When Rose Wakes

When Rose Wakes by Christopher Golden Read Free Book Online Page A

Book: When Rose Wakes by Christopher Golden Read Free Book Online
Authors: Christopher Golden
memories into returning—not that she’d actually lived in a castle or seen war up close and bloody, or known anyone who believed fairy women lived in the forest—but that her mind was trying to use the images from those childhood games to tell her something.
    Maybe the castle was meant to symbolize her coma. She’d been trapped inside it. And the king she always seemed so afraid for in her dreams, well, that was obvious. Her father Guillaume, brother to Fay and Suzette, had died when she was only seven years old. So at least the fear of losing her father made sense.
    She had to make
some
sense out of the dreams. If they meant nothing, were just her imagination run wild, then she feared she might be just a little bit insane.
    “Rose?” Aunt Suzette said. “Are you listening?”
    “I’m sorry, Auntie, my head was in the clouds.”
    “I asked how the test went.”
    Rose hesitated before replying. “Well enough, I guess. But there are some things that just elude me, you know? Things I feel like I should know but don’t. The author of
A Tale of Two Cities.
Or the date of the Japanese attack on Pearl Harbor—”
    “But you’re French,” Aunt Suzette said. “Surely you can’t be expected to know everything about American history or English literature when you’ve never been to an American school.”
    They pushed through the front doors, the chilly October breeze embracing them.
    “I suppose,” Rose said. “But I feel like they’re things I do know and I just can’t come up with the answers.”
    “You’ve been through an ordeal, darling. They’ll take that into consideration,” Aunt Suzette assured her.
    Rose glanced down as she descended the steps in front of the school and frowned. For just a moment she had thought she had seen writing chalked there, the peculiar symbols that were on the wards and little wooden and metal charms that hung in front of most of the windows of the apartment on Acorn Street. But she must have imagined them, because looking at the steps now, they were just ordinary granite, tracked with city grime. When she turned toward the school, something similar happened with the keystone carved with the school’s inception date.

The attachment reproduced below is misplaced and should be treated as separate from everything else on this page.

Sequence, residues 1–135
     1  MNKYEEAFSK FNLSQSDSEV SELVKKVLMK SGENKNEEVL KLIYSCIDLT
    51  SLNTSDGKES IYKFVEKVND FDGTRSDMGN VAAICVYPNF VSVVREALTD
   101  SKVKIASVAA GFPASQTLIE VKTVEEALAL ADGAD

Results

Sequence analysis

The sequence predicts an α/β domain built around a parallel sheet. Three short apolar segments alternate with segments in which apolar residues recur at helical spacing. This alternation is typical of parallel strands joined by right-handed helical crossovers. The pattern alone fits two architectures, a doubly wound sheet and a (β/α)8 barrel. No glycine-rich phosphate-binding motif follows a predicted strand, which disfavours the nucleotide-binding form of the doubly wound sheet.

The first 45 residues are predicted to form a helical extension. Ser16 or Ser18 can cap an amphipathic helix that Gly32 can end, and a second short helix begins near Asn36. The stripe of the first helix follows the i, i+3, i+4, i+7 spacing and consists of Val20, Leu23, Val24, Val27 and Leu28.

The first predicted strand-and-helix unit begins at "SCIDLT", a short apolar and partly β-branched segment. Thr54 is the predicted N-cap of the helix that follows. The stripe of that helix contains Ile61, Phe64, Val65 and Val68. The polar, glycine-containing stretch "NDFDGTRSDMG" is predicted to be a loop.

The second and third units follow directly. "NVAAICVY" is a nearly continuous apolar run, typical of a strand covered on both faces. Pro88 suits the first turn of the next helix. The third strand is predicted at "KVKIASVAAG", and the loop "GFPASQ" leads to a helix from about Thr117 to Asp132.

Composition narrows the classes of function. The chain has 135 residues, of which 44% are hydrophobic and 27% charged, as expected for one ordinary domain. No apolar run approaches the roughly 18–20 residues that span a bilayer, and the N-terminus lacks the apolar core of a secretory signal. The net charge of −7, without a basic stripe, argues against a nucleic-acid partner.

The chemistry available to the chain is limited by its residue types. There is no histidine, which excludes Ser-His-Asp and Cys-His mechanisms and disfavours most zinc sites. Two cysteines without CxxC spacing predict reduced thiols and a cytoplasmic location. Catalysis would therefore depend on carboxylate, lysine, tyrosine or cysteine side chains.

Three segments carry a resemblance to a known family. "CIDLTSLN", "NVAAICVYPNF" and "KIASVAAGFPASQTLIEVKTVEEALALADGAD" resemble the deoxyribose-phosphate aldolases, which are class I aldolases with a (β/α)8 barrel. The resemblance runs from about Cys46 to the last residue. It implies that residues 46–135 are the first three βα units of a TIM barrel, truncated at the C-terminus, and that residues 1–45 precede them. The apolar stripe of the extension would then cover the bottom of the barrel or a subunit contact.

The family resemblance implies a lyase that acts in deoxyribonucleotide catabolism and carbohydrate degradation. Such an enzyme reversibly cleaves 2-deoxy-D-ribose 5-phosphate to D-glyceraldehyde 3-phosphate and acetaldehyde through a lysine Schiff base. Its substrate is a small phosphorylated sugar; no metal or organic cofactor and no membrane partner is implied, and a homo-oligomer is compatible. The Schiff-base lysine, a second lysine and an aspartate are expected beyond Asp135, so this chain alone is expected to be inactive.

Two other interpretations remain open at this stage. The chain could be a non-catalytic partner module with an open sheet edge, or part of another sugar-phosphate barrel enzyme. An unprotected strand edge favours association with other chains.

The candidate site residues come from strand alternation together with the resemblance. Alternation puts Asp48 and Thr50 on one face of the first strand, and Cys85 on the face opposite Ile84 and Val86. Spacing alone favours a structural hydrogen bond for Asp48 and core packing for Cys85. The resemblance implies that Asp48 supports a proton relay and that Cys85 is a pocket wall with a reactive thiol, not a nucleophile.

“What the hell?” Rose whispered, blinking and shaking her head.
    The keystone was ordinary, except for the engraving. She had been spending much too much time cooped up inside that apartment with her sweet but superstitious aunts. She needed normal people and the real world. No matter what year the principal placed her in, she couldn’t wait to start school. At first she had been anxious, but now she was glad that Aunt Fay had rushed her.
    “Are you all right?” Aunt Suzette asked, taking her arm.
    Only then did Rose realize just how weak she felt. Her legs felt unreliable. She looked around, thinking she needed somewhere to rest, and then sat down hard on the stairs, breathing deeply.
    “This was too much for you,” Aunt Suzette cried in alarm. “I knew it!”
    “No, no. I’m fine,” Rose said. And she was. Her head was already clearing, momentary disorientation fading. “I’m just not used to so much exercise, but I need it. You know what Dr. Kittredge said.”
    But Aunt Suzette did not seem convinced.
    “I do. But I still think we’re going to have to postpone our shopping until tomorrow.”
    Rose might have protested but she was distracted by movement off to her left. She turned to see Aunt Fay coming around the corner of the building. There were several trees obscuring her view—the only foliage on the street was already turning the oranges and reds of autumn—but she stared in fascination as her aunt appeared. Aunt Fay swayed and then twirled in a circle before pausing to close her eyes and clasp her hands together as if in prayer.
    “What the heck is she doing?” Rose asked.
    “I told you she needed some air,” Aunt Suzette said, as if what Rose had just seen was perfectly ordinary.
    Aunt Fay waved to them and started walking to

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